Great cuisine, also called haute cuisine, is the classic cuisine of France as it evolved from its inception in the 16th century to its peak in the luxurious banquets of the 19th century. Georges Auguste Escoffier was a central figure in the modernization of haute cuisine starting in 1900, which became known as cuisine classique. These were simplifications and refinements of the early works of Carême, Jules Gouffé and Urbain Dubois. It was practiced in large restaurants and hotels in Europe and elsewhere for much of the 20th century.
The main innovations consisted of replacing service à la française (serving all dishes at the same time) with service à la russe (serving meals on plates) and developing a kitchen system, based on Escoffier's Le Guide Culinaire, which formalized the preparation of sauces and dishes. In its time, it was considered the pinnacle of haute cuisine and was a different style from bourgeois cuisine (the cuisine of wealthy city dwellers), working-class cuisine in bars and homes, and the cuisine of the French provinces. From a historical point of view, it was during the Middle Ages that French cuisine began to stand out. At a time marked by long periods of abstinence and fasting, authentic banquets were served from time to time.
The opulent meals were reserved for the nobility and the clergy. They stood out for abundance rather than refinement. One technique that creates a rich and tasty sauce without all the butter and cream of the haute cuisine style is the de-glaze method of sautéing prepared foods in a pan. Herbs and spices are also important to French cuisine and can bring deep flavor to otherwise subtle dishes.
There's usually nothing too spicy or too sweet about haute cuisine, as the focus tends to be on symmetry and balance, making food a smooth and enjoyable experience. Finally, there's the presentation factor; haute cuisine is nothing more than elegant and artistic, with meticulous arrangements and small to moderate portions. However, most chefs agree that technique, ingredients and dining experience are important components of this cuisine. To properly prepare haute cuisine recipes the old fashioned way, it's best to have a professional kitchen, a home feature that was beyond the imagination and, undoubtedly, the budgets of those midcentury housewives.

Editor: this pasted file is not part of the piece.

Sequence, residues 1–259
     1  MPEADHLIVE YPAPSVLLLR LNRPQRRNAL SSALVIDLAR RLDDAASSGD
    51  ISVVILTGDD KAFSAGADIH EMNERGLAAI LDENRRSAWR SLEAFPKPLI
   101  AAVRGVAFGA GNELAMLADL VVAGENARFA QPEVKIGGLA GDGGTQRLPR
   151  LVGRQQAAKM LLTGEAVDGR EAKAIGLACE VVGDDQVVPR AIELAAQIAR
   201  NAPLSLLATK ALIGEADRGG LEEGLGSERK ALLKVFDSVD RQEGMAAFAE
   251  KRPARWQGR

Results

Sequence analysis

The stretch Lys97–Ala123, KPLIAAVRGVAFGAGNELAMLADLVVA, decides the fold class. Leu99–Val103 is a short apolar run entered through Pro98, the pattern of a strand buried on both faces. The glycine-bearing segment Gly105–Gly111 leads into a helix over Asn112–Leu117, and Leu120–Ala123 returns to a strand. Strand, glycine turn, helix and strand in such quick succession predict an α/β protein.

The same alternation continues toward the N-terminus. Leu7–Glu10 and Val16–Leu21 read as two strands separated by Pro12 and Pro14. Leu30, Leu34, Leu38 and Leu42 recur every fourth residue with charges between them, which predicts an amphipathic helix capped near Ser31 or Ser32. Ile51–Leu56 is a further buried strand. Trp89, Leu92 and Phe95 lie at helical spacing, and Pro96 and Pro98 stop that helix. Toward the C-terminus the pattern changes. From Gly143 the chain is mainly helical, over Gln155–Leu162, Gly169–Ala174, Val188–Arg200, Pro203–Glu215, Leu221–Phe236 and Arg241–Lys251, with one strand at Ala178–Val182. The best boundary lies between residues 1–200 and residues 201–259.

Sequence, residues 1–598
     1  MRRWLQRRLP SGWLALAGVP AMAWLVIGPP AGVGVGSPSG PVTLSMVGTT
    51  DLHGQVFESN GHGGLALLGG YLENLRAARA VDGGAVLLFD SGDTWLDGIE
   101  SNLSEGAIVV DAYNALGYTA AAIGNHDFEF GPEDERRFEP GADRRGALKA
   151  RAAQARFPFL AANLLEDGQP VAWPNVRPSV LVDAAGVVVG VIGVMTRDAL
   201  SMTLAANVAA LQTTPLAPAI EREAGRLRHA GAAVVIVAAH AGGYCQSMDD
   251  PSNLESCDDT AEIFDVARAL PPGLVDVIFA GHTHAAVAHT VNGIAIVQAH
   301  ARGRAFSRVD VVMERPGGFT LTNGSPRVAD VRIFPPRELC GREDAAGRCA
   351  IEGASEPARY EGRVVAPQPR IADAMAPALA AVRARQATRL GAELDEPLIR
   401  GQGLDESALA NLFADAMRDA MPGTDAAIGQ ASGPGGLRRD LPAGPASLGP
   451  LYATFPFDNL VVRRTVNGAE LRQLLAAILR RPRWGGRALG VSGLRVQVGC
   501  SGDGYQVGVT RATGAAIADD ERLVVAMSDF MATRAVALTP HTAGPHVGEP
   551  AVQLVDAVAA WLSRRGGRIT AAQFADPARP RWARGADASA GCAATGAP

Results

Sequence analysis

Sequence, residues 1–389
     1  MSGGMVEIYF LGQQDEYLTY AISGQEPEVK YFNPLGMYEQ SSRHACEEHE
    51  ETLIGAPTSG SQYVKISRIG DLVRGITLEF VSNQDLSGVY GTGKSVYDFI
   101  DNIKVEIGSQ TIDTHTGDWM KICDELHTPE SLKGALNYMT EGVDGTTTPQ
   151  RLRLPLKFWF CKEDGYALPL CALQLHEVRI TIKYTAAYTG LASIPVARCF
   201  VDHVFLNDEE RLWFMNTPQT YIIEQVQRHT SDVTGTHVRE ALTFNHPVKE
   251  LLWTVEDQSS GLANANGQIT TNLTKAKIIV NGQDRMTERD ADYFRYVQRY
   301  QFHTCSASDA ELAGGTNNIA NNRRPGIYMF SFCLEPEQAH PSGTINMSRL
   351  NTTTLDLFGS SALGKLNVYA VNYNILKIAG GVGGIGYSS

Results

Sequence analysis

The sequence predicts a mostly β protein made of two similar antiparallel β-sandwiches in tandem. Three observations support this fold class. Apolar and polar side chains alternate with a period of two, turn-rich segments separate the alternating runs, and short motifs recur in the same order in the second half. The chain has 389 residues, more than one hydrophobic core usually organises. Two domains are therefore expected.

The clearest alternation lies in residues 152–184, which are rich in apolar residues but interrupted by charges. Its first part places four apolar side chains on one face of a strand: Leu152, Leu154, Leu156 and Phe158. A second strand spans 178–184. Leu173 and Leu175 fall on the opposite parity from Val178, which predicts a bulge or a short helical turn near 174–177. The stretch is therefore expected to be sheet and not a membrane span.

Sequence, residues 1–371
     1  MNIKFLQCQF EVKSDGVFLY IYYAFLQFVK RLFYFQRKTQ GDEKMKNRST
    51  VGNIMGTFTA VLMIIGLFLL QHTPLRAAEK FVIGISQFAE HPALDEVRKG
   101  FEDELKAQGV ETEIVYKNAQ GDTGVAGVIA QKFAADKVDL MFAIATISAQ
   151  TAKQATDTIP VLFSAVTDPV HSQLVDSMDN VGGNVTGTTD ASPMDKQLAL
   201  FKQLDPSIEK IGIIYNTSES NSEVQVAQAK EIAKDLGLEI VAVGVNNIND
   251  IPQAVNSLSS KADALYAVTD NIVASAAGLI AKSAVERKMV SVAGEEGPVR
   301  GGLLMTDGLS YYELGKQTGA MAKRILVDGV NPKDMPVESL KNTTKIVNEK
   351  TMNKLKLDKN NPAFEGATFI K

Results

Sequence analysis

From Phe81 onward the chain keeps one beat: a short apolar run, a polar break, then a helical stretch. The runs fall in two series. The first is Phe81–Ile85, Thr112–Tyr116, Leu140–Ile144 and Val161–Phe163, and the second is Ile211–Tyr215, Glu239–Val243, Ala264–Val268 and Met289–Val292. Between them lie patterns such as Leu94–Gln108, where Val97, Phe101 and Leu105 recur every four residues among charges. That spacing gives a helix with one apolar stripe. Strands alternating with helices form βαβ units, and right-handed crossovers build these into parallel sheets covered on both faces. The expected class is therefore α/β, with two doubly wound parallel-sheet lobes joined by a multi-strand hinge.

Later, French cuisine expanded beyond the borders of France, and chefs from all over the world studied these published guidelines. The cuisine was very rich and opulent, with delicious sauces made from butter, cream and flour, the basis of many typical French sauces that are still used today. With the rise of haute cuisine, meals became smaller and presentations became more detailed and elegant. It's almost impossible to be part of the culinary world, especially its French-inspired niches, without hearing the term “haute cuisine”.
Haute cuisine differed from normal French cuisine by what it was cooked and served, by obtaining top quality ingredients, such as fruit out of season, and by using ingredients that are not usually found in France. Another marker of French cuisine that sets it apart from others is the use of high quality ingredients. And most haute cuisine service establishments focus largely on the presentation of the dish, another feature of haute cuisine.